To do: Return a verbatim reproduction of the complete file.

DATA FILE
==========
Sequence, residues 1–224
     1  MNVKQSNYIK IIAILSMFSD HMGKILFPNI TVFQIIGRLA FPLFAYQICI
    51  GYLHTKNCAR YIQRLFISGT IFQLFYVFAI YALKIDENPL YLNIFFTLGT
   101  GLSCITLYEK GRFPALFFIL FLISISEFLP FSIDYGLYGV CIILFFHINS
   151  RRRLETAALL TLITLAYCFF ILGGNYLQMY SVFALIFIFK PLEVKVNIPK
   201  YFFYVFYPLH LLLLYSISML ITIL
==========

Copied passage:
Sequence, residues 1–224
     1  MNVKQSNYIK IIAILSMFSD HMGKILFPNI TVFQIIGRLA FPLFAYQICI
    51  GYLHTKNCAR YIQRLFISGT IFQLFYVFAI YALKIDENPL YLNIFFTLGT
   101  GLSCITLYEK GRFPALFFIL FLISISEFLP FSIDYGLYGV CIILFFHINS
   151  RRRLETAALL TLITLAYCFF ILGGNYLQMY SVFALIFIFK PLEVKVNIPK
   201  YFFYVFYPLH LLLLYSISML ITIL